“SUPERMARKET”; play deserves in-depth analysis Reply

co-review by Sylvie Di Leonardo and Michael Piscitelli
Artscape Youngsplace, frequently a haven for multi-media mavens, is transformed into SUPERMARKET for the final-year studio artists from the University of Scarborough.
“If you think about the nature of a supermarket, it’s a place with an eclectic variety of items placed together, especially now that its all one-stop shopping,” says fourth-year contributor Kristina Zaja. “Then if you think about conceptual art and doing conceptual art at the senior level in a university, we’re all working on our own concepts…and since we’re all creating within the same social/cultural time; but are quite different because of where our inspirations take us, in a sense this is like a supermarket of an art exhibition.”
Creative student playbill for “SUPERMARKET”

As a collective, SUPERMARKET is about a lot of things— the nature of time and of being watched, cultural acceptance and appropriation, social capital and equity, cutting carbon while creating, revolutionary dialectics–the two-steps-forwardness and one-step-backedness of today’s metropolitan society. Each piece was created by a different conceptual artist in their final year at the University of Toronto, and in the Freirean tradition, some are co-created by you, the patron. Each work is rooted in the socio-political; grew through the personal, and is understood by the interpersonal experience. What does that mean?
It means that an understanding of this work is visceral. While stationary, like a painting, it is live and ephemeral, like a piece of theatre; in its need to be witnessed to be meaningful. Raw ideas mined from the bedrock of academia are marinating in many forms including text, photo, visual art, installation, textile, and need to enter the realm of tactile experience to make sense through your senses— common, Spidey, and otherwise. Meandering from piece to piece is also a type of sensory gymnastics: On the same floor as a mechanical bull in the shape of a vagina (that you had to ask for permission to ride) was print-and-sculpture work, found object installation, photography, and even an entire wall of chickens made of felt.
The inclusion of– or better yet, demand to engage– these non-physical senses in a multi-sensory exhibition is the living proof of what educational scholars have been saying for years: an investment in the education of young people is an investment in society, and to invest in them properly requires encounters with theory and practice in ways both experiential and experimental (For those not familiar with the scholarship, this is where engagement with the arts come in): In addition to punctuating the choice of title for the exhibition, the felt-chicken piece depicted the slaughter of live animals in China as routine, though far less visible in Western countries. Using craftwork from childhood, the artist can elicit compassion for the animals killed for our own purposes, and provoke a timely and intersectional discussion about globalization, ethics, culture, and notions of necessity, by simply beginning with the human, the childlike, and the simple.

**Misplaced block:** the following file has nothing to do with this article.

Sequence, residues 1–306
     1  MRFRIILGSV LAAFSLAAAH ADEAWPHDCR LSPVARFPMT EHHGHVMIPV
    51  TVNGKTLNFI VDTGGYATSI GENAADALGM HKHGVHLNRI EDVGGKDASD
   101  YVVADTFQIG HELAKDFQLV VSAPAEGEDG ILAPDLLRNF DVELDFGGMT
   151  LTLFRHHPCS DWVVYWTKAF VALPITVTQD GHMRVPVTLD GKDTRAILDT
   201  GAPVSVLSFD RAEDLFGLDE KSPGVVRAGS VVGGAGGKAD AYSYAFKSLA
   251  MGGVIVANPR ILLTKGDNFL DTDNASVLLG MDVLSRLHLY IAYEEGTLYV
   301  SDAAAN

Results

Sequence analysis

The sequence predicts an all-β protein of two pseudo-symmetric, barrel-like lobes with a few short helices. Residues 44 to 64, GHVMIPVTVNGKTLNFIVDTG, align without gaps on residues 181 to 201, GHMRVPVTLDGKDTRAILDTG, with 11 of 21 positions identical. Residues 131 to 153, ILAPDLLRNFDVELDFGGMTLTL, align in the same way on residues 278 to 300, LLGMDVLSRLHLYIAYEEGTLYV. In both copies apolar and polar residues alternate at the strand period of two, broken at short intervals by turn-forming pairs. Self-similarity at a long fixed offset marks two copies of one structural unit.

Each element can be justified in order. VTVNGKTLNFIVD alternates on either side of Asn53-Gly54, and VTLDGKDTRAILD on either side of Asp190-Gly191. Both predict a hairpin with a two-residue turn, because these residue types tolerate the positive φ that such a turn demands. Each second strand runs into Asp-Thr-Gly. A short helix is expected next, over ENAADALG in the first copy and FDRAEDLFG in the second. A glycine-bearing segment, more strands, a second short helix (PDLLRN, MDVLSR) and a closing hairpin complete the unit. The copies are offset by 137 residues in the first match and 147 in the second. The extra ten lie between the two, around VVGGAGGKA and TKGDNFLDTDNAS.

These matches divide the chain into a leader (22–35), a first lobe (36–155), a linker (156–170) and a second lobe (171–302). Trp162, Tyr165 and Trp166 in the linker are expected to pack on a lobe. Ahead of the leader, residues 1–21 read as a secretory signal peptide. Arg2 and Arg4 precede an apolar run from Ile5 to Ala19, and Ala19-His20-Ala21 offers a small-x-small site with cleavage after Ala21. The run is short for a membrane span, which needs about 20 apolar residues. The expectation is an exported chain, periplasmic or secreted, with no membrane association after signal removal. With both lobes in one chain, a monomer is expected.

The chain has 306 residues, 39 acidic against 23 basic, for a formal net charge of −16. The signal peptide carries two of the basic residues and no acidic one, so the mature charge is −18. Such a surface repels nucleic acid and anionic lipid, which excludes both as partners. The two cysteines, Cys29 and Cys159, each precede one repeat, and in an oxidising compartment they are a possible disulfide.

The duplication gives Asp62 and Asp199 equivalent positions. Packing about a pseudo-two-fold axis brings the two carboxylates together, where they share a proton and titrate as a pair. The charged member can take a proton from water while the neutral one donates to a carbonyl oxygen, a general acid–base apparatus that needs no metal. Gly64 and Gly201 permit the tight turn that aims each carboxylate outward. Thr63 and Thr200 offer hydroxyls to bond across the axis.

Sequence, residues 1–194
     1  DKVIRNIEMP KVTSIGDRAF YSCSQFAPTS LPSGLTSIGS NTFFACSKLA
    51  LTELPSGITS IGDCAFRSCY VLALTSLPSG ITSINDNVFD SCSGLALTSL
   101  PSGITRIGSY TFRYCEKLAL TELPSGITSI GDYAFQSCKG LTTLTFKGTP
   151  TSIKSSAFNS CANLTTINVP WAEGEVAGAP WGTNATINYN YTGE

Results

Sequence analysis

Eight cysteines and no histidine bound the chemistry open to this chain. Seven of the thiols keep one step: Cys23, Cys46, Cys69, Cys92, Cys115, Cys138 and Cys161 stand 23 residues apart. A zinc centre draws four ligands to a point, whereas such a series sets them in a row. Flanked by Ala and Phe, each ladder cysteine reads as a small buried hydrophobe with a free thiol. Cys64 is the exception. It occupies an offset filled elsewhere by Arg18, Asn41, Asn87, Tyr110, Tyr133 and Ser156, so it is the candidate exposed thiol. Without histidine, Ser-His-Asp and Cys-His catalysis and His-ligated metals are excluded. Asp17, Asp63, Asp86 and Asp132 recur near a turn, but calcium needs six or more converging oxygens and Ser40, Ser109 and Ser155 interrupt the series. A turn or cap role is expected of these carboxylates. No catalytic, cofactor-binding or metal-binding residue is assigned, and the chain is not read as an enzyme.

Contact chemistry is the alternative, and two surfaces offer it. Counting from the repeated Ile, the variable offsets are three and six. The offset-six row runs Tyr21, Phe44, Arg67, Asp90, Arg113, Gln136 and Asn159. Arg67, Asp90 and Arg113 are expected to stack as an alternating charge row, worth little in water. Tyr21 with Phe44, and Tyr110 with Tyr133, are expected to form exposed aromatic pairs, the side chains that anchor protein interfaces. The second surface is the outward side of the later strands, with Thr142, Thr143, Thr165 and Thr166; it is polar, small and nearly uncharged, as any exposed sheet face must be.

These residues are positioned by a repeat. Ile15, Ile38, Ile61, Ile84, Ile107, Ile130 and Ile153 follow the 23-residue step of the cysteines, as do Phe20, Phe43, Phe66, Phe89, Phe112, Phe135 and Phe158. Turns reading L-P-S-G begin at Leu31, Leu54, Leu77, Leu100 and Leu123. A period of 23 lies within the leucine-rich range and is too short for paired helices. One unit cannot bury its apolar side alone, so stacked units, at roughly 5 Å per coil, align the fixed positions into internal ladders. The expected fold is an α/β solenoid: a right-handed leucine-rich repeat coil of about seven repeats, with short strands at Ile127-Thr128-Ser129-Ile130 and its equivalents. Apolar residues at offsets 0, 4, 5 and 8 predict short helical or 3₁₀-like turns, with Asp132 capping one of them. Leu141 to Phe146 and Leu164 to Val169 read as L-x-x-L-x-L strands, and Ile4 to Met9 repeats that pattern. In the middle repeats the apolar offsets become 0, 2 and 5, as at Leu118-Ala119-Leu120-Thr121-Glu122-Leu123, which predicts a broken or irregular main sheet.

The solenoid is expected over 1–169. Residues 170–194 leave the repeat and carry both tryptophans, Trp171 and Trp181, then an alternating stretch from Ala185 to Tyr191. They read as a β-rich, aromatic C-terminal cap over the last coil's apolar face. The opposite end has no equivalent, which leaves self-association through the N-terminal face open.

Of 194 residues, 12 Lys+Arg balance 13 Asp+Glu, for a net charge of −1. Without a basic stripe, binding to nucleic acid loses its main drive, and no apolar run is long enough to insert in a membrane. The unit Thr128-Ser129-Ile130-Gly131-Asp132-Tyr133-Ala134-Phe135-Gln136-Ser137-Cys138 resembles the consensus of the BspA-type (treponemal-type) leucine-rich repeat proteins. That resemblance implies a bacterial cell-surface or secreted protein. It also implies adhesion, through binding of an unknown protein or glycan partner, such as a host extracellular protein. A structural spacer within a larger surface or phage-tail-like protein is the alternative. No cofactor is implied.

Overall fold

The work housed in the upper storeys told very different stories. Fourth-year Roxanne Garcia recalls the work of cultural theorist Stuart Hall when discussing her work ‘My Home but Not My Native Land’. In a nutshell, Hall’s notion of cultural identity is that it is always happening and about to happen, all at once, or as Garcia puts it, “identity as a process being constructed and transformed constantly.” As a Filipino-Canadian citizen, Garcia offers more to the conversation about diasporic arts practice and the examination of cultural identities than is currently in popular discourse. “I encourage the viewers to activate critical thinking and to reconsider how migration and diaspora impact an individual’s cultural identity as much by societal conditions as it is by personal experiences. This is a constant reminder and awareness of the inescapable aspects that make us who we are.”
Some pieces were very personal, while others addressed issues at-large. Some, though, were both. Zaja’s piece, House Key, began with personal encounter with the theme, and grew into its presenting form as the idea was considered in a wider context: “Working in a classroom environment, all works and ‘ideas in progress’ are placed under the scrutiny of multiple sets of eyes.  As a young artist this can be intimidating, but once you are able to separate your identity from the work, it becomes a playground for immense artistic growth. For me, this meant moving my concept from the passive to the active.” Zaja’s piece, a functional mechanical-style vending machine (which patrons can use to exchange a loonie for a capsule containing house keys), quickly evolved from the work of a performance-artist to that of a performance-artist-advocate upon partnering with Raising the Roof, a Canadian charitable organization working to eradicate homelessness. This transformation, while only one example out of an entire group of engaged artists, is the most important take-away from this exhibition. Of her growth, Zaja observes that “creating a fundraising work has made me look at my practice in a new light; I have always had a deep admiration for the artists that bridge the barriers between art and activism but I didn’t think this was something I could do myself.” It is the higher purpose that we, as educators, scholars, practitioners, and cultural writers, must consider if we are to continue creating meaningful work— especially in today’s socio-political climate.

 

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